what specific factors contribute to this behavior. We are
indebted to the Raptor Research Center at Boise State Uni-
versity, and HawkWatch International for their support. We
especially thank Vincenzo Penteriani, Cheryl Dykstra, and
one anonymous reviewer for their detailed edits that
shaped the final manuscript. We are grateful to David L.
Anderson, Shawn Hawks, Steve Slater, Markus Mika, Marc
Bechard, and Jerry Liguori for their helpful guidance, and
for comments and edits on earlier drafts of the manu-
script.—Bryce Robinson, (e-mail address: brycerobinson@u.
boisestate.edu), Raptor Research Center, 1910 University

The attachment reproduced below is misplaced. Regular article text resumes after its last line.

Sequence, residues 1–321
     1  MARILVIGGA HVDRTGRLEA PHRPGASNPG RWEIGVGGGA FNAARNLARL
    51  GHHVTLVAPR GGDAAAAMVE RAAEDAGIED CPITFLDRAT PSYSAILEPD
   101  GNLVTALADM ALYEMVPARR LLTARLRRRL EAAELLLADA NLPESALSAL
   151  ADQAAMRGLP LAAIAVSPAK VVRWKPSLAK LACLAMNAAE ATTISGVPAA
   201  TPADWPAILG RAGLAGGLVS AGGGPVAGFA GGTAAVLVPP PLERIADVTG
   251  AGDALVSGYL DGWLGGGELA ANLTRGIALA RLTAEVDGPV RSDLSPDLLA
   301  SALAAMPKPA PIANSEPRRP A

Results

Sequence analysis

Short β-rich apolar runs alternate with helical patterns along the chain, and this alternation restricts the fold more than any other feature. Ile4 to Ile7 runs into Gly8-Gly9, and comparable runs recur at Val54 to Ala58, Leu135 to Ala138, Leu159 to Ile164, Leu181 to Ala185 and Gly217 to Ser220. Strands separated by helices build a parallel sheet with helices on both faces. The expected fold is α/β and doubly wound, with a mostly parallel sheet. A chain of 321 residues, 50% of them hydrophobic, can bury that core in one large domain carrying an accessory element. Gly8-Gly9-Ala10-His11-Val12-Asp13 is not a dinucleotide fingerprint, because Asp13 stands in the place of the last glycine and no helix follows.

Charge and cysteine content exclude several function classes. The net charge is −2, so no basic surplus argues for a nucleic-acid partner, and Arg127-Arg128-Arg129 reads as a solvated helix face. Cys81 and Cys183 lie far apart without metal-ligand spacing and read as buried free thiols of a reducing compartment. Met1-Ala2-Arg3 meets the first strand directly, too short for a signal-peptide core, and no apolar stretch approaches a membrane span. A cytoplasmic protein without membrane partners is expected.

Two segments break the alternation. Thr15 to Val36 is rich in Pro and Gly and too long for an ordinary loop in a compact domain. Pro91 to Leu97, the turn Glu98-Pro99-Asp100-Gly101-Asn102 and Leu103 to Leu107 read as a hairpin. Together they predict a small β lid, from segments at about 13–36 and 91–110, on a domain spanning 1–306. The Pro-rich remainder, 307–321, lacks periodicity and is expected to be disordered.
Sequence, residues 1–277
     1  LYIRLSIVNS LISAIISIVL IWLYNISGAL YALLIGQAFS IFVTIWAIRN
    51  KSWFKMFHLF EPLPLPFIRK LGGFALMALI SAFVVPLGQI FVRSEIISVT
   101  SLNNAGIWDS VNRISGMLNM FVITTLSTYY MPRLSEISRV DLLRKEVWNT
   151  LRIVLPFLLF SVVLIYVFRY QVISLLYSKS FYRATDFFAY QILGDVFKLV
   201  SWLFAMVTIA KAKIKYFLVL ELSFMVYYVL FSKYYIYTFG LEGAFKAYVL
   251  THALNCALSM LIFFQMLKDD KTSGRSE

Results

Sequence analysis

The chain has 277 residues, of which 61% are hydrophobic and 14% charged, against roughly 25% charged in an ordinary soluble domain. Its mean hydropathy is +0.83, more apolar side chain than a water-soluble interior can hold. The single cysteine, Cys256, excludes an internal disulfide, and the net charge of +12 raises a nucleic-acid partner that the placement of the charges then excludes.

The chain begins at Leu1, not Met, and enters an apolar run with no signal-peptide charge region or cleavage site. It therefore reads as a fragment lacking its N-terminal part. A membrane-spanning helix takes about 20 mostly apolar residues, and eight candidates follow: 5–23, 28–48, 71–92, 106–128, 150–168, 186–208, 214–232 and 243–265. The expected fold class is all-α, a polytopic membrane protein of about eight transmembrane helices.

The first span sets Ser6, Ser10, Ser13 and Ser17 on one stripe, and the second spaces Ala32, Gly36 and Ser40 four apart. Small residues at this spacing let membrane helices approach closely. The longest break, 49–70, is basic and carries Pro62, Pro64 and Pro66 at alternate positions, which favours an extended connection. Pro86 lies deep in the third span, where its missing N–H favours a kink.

Drive, SN 100, Boise State University, Boise, ID 83725
U.S.A.; and Caitlin Davis, 35 Old Farm Road, Glen Burnie,
MD 21060 U.S.A.
LITERATURE CITED
HOUSTON,C.S.,E.T.JONES,AND E. PLETZ. 1998. Great
Horned Owls with broods of five. Blue Jay 56:123–124.
———, D.G. SMITH,AND C. ROHNER. 1998. Great Horned
Owl (Bubo virginianus). In A. Poole [ED.], The birds of
North America online, No. 372. Cornell Lab of Orni-
thology, Ithaca, NY U.S.A. http://bna.birds.cornell.
edu/bna/species/372 (last accessed 8 August 2013).
MILLARD, J.B., T.H. CRAIG,AND O.D. MARKHAM. 1978. Can-
nibalism by an adult Great Horned Owl. Wilson Bulletin
90:449.
PETERSON, L. 1979. Ecology of Great Horned Owls and
Red-tailed Hawks in southeastern Wisconsin. Wisconsin
Department of Natural Resources Tech. Bull. 111, Ma-
dison, WI U.S.A.